aaron maxwell

env and python scripts: controlling the python version

On Unix-like systems, python scripts will often start with this line:

#!/usr/bin/env python

How can you manually test this script under different versions of Python?

This "env-shebang" idiom effectively selects the primary Python interpreter installed on the user's system, at script execution time. On any given system, this will resolve to a particular version of Python. For instance, on stock Debian Lenny GNU/Linux, it's Python 2.5; the first python in the default path is /usr/bin/python, which is a symbolic link to /usr/bin/python2.5.

Now, if you're developing a Python script that is supposed to work on several different Python versions, and want to test it under each, the "env-shebang" idiom can get in your way. Temporarily editing the file, to change the argument to env, may do the trick. But that's error prone and difficult to automate.

So here's a better solution.

Let's say you want to test under Pythons version 2.5, 2.6 and 2.7, and you already have an interpreter for each version installed. For example, on my current development machine, python 2.7 is at $HOME/opt/python2.7/bin/python2.7, python 2.6 is at /usr/bin/python2.6, and python 2.5 is at /usr/bin/python2.5.

What you can do is create a subdirectory for each version in some convenient location. I name them like "env_pythonX.Y" and just place them under $HOME/bin (where X and Y are the major and minor version numbers). Then, inside each of these directories, make a symbolic link named "python" to the appropriate version.

Again using my dev machine as an example, $HOME/bin/env_python2.7/python is a symbolic link to $HOME/opt/python2.7/bin/python2.7, $HOME/bin/env_python2.6/python is a symbolic link to /usr/bin/python2.6, and $HOME/bin/env_python2.5/python is a symbolic link to /usr/bin/python2.5.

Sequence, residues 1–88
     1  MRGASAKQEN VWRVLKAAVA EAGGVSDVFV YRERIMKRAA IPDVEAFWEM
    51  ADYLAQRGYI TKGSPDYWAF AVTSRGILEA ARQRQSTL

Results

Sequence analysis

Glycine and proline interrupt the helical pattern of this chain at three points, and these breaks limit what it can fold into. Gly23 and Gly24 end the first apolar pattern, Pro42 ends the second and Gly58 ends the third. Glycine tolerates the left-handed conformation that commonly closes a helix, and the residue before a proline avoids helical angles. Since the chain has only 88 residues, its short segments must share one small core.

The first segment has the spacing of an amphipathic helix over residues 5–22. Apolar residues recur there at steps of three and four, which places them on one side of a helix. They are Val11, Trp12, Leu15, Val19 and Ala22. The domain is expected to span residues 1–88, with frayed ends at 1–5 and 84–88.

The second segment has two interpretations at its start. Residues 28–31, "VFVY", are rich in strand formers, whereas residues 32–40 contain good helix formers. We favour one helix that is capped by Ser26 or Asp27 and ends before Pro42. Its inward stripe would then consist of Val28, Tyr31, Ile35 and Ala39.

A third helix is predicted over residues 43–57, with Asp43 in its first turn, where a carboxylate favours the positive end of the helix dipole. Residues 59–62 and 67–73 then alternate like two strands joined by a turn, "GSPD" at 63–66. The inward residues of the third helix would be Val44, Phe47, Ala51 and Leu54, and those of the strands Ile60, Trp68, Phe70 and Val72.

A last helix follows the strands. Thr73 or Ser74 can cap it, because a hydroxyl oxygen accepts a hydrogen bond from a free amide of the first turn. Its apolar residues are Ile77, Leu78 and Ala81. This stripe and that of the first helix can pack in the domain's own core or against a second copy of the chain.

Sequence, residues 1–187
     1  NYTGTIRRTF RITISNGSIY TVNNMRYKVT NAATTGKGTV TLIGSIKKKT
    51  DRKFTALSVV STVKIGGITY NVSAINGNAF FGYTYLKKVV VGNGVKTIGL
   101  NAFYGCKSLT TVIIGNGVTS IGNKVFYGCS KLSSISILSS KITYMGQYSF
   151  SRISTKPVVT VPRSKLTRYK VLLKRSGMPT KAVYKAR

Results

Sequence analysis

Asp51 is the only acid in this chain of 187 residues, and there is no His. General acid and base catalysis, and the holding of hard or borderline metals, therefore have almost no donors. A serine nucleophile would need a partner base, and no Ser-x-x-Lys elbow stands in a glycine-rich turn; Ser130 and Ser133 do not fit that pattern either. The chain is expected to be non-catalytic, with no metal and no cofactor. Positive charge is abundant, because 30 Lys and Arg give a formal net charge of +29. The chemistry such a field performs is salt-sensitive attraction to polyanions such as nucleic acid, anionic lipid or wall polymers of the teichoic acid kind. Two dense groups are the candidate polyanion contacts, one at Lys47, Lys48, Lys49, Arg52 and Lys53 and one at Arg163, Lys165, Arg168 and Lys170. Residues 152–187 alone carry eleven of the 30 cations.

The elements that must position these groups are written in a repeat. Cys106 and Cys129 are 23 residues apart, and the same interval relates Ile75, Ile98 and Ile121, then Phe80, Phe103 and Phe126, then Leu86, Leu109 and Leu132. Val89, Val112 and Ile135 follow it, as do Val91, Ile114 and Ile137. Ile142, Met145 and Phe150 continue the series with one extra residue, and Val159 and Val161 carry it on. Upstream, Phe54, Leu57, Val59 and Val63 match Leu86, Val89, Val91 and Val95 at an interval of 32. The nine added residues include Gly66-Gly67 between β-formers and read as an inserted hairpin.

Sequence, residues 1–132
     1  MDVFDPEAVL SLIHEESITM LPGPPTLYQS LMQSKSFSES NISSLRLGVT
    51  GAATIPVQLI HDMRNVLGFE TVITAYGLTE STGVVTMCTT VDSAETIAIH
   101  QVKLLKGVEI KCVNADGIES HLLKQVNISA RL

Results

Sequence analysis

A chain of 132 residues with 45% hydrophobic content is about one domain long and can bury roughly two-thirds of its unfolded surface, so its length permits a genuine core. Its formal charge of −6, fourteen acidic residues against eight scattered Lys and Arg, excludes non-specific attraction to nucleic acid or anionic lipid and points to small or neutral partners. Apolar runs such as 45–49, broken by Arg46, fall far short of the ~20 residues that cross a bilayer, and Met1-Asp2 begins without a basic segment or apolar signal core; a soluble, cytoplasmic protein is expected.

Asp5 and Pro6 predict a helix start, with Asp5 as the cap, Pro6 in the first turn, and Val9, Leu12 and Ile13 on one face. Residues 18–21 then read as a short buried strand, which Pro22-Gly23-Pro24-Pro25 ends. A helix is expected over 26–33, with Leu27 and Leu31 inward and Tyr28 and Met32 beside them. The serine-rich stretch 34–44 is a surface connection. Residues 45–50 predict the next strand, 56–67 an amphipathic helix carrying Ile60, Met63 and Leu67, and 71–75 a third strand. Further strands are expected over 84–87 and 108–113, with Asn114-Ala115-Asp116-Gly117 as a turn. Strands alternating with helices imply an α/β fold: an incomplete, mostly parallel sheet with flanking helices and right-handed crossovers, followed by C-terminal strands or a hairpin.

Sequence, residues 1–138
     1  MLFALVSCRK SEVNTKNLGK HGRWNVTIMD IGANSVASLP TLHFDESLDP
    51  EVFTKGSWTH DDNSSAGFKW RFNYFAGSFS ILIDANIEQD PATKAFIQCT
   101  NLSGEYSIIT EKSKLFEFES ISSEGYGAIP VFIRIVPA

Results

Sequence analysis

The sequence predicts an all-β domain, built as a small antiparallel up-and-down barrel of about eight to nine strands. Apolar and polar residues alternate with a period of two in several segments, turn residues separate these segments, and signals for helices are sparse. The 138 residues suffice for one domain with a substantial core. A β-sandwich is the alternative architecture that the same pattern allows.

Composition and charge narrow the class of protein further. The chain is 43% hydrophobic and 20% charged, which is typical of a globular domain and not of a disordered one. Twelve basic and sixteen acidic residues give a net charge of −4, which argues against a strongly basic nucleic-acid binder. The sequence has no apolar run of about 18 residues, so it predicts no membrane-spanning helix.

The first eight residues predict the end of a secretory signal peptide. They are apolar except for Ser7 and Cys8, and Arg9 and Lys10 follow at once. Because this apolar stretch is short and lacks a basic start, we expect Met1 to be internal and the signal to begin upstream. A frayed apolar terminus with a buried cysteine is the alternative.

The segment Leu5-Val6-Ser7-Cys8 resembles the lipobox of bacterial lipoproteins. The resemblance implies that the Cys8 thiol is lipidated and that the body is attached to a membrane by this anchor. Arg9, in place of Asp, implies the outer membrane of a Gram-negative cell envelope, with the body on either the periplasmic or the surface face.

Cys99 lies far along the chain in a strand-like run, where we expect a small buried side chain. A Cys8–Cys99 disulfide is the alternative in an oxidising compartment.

Now you're prepared. To run the script program.py from the Unix command line, using (say) python version 2.6, just define the PATH so that $HOME/bin/env_python2.6/python is first. At the prompt, you can type something like:

PATH=$HOME/bin/env_python2.6:$PATH ./program.py

Here, I've used a syntax provided by most modern shells for per-command variable assigments. Prepending a command with FOO=BAR means "Run the command in an environment where the variable FOO has the value BAR". This conveniently lets us set the search path to produce our python, for just that one invokation.

This is easy to repeat with the others. To manually run the script with each Python version in sequence, use this series of commands:

PATH=$HOME/bin/env_python2.7:$PATH ./program.py
PATH=$HOME/bin/env_python2.6:$PATH ./program.py
PATH=$HOME/bin/env_python2.5:$PATH ./program.py

Of course, this is all highly automatable in your test scripts.

By the way, if the symbolic link is wrong, a different python version may be silently used. You can quickly verify with python -V:

PATH=$HOME/bin/env_python2.6:$PATH python -V

This should emit something like Python 2.6.5.

You're all set. Now get to testing!